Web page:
$188 million settlement calls for reinforcement on Yakama Nation

$188 million settlement calls for reinforcement on Yakama Nation

TOPPENISH, Wash. -- A massive settlement was distributed to the Yakama Nation just a couple of weeks ago. $188 million carved up to all the members. A lot of people say they're scared for their safety because of it. KIMA looked at the efforts to protect them.

It was like winning the lottery. Every registered member of the Yakama Nation got a check for $17,000.

The windfall was a long-awaited payment under the Salazar Agreement. The feds mismanaged accounts for the Yakama Nation, resulting in this settlement. 

The Nation knew a sudden influx of money could have all kinds of effects.

"We are very concerned for our membership,” said Tribal Council Member Harry Smiskin.

One of the first steps was to amp up the police presence on tribal land.

"Have you seen increased patrols?” asked KIMA.

"Definitely,” replied Mary-Lee Jones.

Mary-Lee Jones lives on the reservation with her three children.

Since the money was released nearly two weeks ago, she's noticed a change not only in patrols, but in behavior.

"As far as like the physical violence, yea I've seen that and heard about that and that's you know, terrifying,” said Jones.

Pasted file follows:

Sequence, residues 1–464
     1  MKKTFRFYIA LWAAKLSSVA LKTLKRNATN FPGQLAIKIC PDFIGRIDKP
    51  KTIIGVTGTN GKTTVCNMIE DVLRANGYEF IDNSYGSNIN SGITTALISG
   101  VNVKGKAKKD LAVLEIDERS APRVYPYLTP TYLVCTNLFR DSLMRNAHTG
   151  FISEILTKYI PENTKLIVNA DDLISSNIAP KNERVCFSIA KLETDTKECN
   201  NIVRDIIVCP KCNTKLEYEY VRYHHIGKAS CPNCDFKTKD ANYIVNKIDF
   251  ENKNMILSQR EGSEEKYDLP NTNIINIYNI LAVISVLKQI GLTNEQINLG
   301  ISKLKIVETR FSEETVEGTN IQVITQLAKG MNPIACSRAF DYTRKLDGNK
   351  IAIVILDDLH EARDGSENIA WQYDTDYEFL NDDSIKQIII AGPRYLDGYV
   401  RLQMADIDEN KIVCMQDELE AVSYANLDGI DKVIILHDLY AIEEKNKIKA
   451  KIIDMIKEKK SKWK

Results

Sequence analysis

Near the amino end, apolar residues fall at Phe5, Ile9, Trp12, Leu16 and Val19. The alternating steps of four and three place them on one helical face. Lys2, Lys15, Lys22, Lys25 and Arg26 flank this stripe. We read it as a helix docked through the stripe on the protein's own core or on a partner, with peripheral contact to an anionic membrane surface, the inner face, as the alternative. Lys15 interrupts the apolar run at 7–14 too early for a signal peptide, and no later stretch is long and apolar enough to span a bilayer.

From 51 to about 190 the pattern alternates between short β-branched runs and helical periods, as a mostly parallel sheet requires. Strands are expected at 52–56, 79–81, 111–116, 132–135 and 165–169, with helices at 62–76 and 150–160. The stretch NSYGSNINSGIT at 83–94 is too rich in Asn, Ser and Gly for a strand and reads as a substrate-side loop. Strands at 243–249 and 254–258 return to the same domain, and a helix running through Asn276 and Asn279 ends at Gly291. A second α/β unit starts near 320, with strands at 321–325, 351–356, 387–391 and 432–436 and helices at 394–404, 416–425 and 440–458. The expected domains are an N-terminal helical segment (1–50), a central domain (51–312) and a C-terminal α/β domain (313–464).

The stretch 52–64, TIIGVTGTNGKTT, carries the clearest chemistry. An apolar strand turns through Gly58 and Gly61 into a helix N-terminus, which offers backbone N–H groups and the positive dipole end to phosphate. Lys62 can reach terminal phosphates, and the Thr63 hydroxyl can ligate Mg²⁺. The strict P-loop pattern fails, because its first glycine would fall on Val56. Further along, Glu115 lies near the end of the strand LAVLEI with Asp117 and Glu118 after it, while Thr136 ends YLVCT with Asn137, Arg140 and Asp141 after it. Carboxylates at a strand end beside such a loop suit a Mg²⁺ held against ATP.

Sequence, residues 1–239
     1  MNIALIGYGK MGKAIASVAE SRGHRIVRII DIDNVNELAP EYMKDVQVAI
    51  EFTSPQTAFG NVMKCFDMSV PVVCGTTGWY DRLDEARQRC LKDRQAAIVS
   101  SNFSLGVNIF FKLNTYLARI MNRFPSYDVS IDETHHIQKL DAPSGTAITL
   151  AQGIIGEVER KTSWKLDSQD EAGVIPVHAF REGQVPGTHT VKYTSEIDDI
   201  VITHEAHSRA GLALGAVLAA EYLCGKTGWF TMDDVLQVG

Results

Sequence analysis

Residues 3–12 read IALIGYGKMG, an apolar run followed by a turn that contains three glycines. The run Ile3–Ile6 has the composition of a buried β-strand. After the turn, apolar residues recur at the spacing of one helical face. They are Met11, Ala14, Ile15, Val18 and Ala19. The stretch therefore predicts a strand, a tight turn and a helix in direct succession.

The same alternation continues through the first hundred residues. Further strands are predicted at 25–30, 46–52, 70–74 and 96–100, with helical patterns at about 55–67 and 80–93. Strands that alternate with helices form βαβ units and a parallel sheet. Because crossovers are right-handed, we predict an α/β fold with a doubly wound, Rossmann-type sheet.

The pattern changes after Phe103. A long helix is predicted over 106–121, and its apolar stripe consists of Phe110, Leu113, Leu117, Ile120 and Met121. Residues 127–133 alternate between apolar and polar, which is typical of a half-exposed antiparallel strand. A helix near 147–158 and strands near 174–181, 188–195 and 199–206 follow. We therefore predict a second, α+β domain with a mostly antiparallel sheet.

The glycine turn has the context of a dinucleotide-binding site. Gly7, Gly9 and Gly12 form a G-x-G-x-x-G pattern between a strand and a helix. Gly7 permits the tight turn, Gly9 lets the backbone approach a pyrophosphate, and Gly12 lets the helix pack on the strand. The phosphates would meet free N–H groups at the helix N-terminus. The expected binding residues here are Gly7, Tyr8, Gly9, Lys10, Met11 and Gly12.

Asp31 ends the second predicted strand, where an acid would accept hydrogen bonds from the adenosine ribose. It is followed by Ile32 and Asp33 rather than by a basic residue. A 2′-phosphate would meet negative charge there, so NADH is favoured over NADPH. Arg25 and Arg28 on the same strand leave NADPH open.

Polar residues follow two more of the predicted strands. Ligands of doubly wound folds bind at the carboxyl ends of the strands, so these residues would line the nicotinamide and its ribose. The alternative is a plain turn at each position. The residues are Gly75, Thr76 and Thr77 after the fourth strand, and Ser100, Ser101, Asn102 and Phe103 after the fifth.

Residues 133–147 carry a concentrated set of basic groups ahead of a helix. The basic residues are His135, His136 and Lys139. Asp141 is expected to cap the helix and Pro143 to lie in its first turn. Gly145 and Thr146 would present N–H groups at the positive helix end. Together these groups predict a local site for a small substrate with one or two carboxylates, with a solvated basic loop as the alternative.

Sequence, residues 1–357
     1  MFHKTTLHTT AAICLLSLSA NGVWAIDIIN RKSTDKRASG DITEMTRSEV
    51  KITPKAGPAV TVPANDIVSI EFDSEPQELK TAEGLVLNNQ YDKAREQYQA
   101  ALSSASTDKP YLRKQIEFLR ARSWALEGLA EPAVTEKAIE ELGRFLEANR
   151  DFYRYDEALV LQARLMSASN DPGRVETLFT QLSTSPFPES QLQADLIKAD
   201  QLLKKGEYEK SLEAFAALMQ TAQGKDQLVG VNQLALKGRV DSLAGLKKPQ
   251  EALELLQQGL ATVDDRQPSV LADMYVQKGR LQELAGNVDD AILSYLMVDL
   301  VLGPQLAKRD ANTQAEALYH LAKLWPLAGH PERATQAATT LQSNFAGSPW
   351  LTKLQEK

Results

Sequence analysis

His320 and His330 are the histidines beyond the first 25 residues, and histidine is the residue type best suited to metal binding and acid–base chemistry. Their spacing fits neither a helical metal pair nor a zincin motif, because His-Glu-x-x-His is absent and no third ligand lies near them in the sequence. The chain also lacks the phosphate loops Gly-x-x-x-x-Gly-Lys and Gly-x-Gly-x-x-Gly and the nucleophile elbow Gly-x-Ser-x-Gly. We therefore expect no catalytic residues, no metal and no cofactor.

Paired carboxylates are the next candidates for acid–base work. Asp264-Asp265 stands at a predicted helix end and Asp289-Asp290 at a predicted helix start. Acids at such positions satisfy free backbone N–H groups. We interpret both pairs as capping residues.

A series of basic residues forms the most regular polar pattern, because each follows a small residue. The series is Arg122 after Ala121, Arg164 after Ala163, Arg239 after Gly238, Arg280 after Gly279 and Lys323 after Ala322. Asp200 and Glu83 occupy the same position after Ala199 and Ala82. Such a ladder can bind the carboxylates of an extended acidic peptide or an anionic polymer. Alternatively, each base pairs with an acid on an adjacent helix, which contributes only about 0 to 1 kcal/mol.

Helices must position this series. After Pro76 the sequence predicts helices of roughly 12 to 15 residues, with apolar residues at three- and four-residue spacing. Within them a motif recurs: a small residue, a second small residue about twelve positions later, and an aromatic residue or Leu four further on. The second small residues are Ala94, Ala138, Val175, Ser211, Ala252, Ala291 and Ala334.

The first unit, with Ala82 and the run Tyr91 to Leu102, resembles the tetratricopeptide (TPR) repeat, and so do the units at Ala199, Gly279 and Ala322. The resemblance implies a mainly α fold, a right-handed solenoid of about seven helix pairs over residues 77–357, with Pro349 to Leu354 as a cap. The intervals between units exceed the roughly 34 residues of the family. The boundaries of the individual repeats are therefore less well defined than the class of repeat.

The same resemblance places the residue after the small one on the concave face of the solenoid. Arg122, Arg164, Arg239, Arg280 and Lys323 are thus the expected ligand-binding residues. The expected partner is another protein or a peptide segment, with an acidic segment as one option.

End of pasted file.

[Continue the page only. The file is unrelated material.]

Jones says she doesn't go out alone, and not after dark.

The Yakama Nation now has 12 officers on patrol instead of just two. Staff is scheduled round the clock.

"With all of these measurements you're taking, why so drastic?” asked KIMA.

"We have heard of other Indian reservation throughout the United States that experienced Salazar settlements or settlements with the federal government. Unfortunately the tribal members of those affected reservations become victims of crime,” said Smiskin.

Smiskin says Nation members were also given financial education on how to handle and protect a sudden windfall.

They hope it will be enough to keep things peaceful on the reservation.

"I just have to know where my children are and where the elders are. So mainly it's just checking in on them frequently,” said Jones.

Last year, the Colville Tribe received its share of the settlement. It came with a spike in crime of nearly 40-percent.

Tribal council doesn't have a plan for how long the added officers will be in place. They're expected to stay until the threat dissipates.